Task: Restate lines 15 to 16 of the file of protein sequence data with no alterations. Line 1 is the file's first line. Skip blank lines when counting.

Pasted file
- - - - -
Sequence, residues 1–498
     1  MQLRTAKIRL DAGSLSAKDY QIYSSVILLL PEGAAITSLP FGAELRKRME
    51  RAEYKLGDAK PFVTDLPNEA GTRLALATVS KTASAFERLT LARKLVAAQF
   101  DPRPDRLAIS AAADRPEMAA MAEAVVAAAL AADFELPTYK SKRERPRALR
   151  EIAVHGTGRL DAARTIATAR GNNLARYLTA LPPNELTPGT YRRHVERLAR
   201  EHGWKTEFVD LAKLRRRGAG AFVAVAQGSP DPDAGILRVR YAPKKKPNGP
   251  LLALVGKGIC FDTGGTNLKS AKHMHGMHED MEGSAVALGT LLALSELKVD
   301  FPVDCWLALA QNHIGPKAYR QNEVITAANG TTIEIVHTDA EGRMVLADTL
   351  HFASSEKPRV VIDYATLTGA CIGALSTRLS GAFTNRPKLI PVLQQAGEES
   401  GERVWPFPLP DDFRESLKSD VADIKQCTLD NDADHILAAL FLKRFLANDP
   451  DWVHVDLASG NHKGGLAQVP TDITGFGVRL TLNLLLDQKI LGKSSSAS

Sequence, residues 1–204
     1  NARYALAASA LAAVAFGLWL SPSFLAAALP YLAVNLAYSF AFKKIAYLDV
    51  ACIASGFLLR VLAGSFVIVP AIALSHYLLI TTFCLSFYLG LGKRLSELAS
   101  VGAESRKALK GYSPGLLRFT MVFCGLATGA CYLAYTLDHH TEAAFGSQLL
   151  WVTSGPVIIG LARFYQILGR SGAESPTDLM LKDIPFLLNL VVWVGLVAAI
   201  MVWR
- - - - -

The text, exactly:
   101  VGAESRKALK GYSPGLLRFT MVFCGLATGA CYLAYTLDHH TEAAFGSQLL
   151  WVTSGPVIIG LARFYQILGR SGAESPTDLM LKDIPFLLNL VVWVGLVAAI